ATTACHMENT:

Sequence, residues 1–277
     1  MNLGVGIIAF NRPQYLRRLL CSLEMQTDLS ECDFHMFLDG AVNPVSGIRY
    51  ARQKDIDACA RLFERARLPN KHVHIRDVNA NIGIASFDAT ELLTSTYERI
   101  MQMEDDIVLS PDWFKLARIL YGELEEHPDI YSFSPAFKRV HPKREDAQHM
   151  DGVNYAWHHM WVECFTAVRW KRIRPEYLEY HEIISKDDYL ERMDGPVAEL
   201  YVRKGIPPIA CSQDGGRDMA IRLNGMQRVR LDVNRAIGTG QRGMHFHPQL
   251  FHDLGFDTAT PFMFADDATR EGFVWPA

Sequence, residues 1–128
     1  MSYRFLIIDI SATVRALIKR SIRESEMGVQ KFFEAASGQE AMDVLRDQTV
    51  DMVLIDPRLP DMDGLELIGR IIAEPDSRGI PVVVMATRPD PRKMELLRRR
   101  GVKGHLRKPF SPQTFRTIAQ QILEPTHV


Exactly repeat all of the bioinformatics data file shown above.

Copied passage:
Sequence, residues 1–277
     1  MNLGVGIIAF NRPQYLRRLL CSLEMQTDLS ECDFHMFLDG AVNPVSGIRY
    51  ARQKDIDACA RLFERARLPN KHVHIRDVNA NIGIASFDAT ELLTSTYERI
   101  MQMEDDIVLS PDWFKLARIL YGELEEHPDI YSFSPAFKRV HPKREDAQHM
   151  DGVNYAWHHM WVECFTAVRW KRIRPEYLEY HEIISKDDYL ERMDGPVAEL
   201  YVRKGIPPIA CSQDGGRDMA IRLNGMQRVR LDVNRAIGTG QRGMHFHPQL
   251  FHDLGFDTAT PFMFADDATR EGFVWPA

Sequence, residues 1–128
     1  MSYRFLIIDI SATVRALIKR SIRESEMGVQ KFFEAASGQE AMDVLRDQTV
    51  DMVLIDPRLP DMDGLELIGR IIAEPDSRGI PVVVMATRPD PRKMELLRRR
   101  GVKGHLRKPF SPQTFRTIAQ QILEPTHV